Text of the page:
Full disclosure, I love/hate World Market. Their aesthetic is awesome, but their quality is shitty. Sometimes I just go in there for a little inspiration and a root beer, but I complain the whole time about how we shouldn’t buy anything cause it’s just gonna break unexpectedly.
So anyways, a few months after moving to LA, we bought a house and had to move again, with all the furniture we had made work for our rental space. Most everything translated well in our new home, including the the cute antiqued coat rack, which has provided an excellent space for us to put all our leaving-the-house shit for the past couple of years. However, this year when we got our Christmas tree, we had to move the coat rack out of the way and into the office to make room for it. And holy shit, what a difference the absence of a coat rack made! Our house is bigger in square feet than our old rental, but the living room/dining room is much smaller, and the ceilings are normal height. It was only through living a few weeks without the coat rack that we realized how awkward it had been in the room and how much space it took up.

photo 1The above photo doesn’t really do it justice, so you will just have to take my word for it- it crowded the area and ruined sight lines to the big window we have in front. So we got rid of the thing, kept it in the office for the holidays, where it continued to be in the way and take up too much space, but was less obvious. I needed a solution, something to house our bags and scarves and jackets, but something that didn’t involve having to use that bulky (expensive) coat rack. You see behind the rack to the wall next to the chalkboard? All the empty space on the left side? I hated that about as much as our huge rack (!). It was only apparent when you closed the door, but that space was usable and felt weirdly empty with nothing there. So, problem solved: get rid of the coat rack in the house and make a wooden something-or-other to hang on the wall in that empty space.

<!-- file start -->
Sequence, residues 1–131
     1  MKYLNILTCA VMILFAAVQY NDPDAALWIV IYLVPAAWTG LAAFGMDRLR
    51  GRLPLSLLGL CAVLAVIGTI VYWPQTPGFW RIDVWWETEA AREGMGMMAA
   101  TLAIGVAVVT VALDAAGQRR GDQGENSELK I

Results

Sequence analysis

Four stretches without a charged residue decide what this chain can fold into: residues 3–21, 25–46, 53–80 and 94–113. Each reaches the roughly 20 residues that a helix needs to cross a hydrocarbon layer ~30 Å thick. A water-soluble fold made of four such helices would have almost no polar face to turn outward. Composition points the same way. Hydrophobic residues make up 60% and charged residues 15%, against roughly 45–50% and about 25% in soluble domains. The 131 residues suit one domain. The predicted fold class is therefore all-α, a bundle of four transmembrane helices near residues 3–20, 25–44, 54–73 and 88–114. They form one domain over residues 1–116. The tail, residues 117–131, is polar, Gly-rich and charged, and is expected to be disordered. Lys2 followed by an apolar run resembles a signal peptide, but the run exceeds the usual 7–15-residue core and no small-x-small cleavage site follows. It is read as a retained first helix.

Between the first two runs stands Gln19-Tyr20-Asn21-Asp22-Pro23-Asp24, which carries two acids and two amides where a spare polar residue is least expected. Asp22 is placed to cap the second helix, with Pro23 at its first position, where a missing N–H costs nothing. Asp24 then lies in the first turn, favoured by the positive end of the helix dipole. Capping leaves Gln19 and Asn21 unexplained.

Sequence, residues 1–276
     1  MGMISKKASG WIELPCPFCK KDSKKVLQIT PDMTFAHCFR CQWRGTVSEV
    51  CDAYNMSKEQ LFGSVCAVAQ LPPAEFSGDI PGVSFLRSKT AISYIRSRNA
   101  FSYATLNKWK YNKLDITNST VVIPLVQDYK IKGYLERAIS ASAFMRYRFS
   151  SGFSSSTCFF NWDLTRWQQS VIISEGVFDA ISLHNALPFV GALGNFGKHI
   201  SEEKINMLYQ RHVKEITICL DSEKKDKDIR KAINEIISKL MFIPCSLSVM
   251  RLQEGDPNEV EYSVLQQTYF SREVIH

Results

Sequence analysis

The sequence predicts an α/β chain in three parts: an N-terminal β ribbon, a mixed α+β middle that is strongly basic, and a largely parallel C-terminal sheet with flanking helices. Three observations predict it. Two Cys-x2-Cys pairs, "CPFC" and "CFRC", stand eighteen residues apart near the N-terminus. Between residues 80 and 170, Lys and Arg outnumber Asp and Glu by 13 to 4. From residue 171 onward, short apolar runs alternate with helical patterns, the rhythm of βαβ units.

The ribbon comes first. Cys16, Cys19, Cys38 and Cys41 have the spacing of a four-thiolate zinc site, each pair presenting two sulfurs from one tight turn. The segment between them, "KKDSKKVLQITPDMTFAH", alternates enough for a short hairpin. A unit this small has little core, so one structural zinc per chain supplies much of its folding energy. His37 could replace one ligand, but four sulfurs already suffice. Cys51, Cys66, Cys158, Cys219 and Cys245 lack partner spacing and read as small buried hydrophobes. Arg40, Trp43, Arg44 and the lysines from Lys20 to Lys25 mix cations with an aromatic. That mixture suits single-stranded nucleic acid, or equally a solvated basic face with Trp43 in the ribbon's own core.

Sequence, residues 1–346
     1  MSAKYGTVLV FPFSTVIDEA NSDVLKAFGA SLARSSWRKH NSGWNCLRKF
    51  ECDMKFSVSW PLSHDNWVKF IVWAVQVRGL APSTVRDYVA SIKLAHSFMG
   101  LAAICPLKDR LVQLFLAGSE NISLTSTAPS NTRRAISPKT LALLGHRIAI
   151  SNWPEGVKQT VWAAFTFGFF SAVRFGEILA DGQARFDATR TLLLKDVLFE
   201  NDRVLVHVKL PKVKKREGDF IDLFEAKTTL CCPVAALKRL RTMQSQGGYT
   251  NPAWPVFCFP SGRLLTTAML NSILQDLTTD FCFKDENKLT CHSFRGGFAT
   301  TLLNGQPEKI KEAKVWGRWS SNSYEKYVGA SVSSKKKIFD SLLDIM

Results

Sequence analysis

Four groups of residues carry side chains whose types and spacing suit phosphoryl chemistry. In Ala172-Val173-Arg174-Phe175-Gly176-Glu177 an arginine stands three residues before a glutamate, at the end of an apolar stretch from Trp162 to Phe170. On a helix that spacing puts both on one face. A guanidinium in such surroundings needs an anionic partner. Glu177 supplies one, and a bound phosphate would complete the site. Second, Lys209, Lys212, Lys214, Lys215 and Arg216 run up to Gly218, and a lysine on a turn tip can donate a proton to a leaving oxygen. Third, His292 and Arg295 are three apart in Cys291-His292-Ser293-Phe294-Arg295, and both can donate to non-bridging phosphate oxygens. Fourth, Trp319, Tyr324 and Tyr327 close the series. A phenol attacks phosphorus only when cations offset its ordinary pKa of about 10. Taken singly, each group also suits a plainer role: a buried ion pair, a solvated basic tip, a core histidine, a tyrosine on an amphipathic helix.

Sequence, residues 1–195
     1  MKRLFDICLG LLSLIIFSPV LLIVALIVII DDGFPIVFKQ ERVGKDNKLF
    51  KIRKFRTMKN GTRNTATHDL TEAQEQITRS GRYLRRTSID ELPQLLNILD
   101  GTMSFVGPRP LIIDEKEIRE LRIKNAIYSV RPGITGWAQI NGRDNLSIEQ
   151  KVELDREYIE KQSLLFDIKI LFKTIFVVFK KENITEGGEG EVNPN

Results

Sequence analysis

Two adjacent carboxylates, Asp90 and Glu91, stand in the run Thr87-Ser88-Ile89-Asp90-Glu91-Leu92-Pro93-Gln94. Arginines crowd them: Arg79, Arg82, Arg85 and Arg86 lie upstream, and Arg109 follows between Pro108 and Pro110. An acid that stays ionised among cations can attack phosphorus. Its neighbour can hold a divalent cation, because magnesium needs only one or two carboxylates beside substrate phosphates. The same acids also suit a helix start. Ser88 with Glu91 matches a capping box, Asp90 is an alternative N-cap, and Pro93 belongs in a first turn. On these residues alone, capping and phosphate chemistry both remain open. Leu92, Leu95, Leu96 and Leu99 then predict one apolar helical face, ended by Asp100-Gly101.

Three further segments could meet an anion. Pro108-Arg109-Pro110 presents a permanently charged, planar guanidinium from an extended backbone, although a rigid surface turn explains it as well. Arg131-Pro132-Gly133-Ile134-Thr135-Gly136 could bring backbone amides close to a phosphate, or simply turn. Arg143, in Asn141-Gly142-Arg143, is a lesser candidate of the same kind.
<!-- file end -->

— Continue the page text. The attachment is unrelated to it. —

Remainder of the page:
The next part was pretty easy; assembling some hooks and proper screws and finding a nice old piece of wood to reuse (this was from a shelf that had mostly fallen apart in the backyard when it flooded/ rained for the first time in a year). photo 2Claire sanded the board down but kept most of it as is cause the color and distress in it looked nice, and I screwed in some hooks on the front, and a few smaller ones on the bottom side of the board). photo 3

Positioned her on the wall, screwed her into the stud (!!)) and voila! Bye, bye, iron coat rack. The hooks used don’t all match each other, cause I couldn’t find four of the same ones, but I kind of like the mishmash look of them all together- plus, you can’t really see the hooks when they are covered in chilly weather accoutrement.

Final look: photo 5

Cleaner, opens the space and makes it much brighter, and provides a better spot for our armchair (not seen in the pic) which used to be shoved up next to the coat rack. The room looks so much bigger and less cramped, and I love being reminded of how important it is to rearrange furniture every once in while. Sometimes it just takes new eyes to recognize old problems. And speaking of old problems, I have a bulky expensive coat rack to give away if anyone wants it.